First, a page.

If you like to read romance novels of all genres, join the writers of Romance Weekly every Tuesday for our blog hop. We'll be answering the same questions, or writing the same flash fiction, or offering our favourite recipes. Once you've read my blog, the link below will direct you to another. Tell your friends and feel free to ask questions or make comments.
Welcome to those of you joining from Kim Handysides' blog. Here's my take on this week's questions.
What’s your favourite aspect of novel writing? Dialogue? Setting? Conflict?Narration? Explain.
I love writing dialogue. In my “real” job I write TV commercials. While this is not dialogue, it is writing for the ear. By this I mean you have to write the way people are used to hearing words said, not how they look on the page. And this translates really well to dialogue. I love to read great dialogue, too. Jennifer Crusie is amazing at this – snappy, witty, and so quick I sometimes re-read the passage just to enjoy it all over again.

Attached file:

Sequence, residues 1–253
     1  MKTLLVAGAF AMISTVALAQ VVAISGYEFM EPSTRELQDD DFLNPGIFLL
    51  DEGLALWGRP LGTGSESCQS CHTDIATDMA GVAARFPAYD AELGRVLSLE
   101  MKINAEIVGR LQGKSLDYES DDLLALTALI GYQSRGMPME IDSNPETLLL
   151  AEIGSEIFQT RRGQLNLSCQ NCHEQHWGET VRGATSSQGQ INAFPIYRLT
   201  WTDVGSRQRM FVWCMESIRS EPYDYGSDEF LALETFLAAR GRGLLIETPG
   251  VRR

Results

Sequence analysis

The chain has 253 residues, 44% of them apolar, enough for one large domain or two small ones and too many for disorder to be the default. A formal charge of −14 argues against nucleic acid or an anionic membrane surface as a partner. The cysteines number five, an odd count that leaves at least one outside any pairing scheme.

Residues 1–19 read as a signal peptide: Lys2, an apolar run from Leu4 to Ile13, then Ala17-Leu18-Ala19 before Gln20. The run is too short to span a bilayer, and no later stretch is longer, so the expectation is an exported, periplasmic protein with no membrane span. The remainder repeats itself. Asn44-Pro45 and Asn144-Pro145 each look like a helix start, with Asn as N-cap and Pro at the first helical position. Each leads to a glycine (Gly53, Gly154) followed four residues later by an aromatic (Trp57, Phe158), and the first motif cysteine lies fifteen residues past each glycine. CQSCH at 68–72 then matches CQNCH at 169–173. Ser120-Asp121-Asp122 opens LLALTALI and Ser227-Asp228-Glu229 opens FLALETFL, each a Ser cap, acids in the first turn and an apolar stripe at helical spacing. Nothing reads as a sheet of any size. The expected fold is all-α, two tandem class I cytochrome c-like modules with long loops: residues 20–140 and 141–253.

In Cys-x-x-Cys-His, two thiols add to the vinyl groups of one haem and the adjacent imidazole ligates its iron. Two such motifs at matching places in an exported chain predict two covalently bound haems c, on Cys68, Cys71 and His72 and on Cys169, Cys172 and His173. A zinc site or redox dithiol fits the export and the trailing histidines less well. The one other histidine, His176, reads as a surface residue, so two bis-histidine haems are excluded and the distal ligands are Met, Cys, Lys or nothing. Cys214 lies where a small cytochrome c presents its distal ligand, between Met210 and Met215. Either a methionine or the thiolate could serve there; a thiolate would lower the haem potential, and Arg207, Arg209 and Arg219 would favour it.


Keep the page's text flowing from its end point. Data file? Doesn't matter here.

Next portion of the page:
How do you choose the setting for your plot? Are they always similar settings or does it vary? (i.e., small town, big city, castle, etc.)
My two published works have completely different settings (MOUNTAIN FIRE in a small city and its surrounding rural area, and CHEF D'AMOUR in Vancouver). My third completed manuscript is set mainly on the Azores, a tiny Portuguese archipelago in the middle of the Atlantic. The locations were pretty much determined by the plots – a grizzly bear poaching mystery, a television reality show, and an eco-adventure holiday.
Beth Carter came up with our questions this week. She's a big six-word memoir fan, and has challenge all the RWW member to describe our writing day using just six words. Here's mine:
Five hundred words. Just do it.
How did Susan Scott Shelley describe her writing day? Find out here.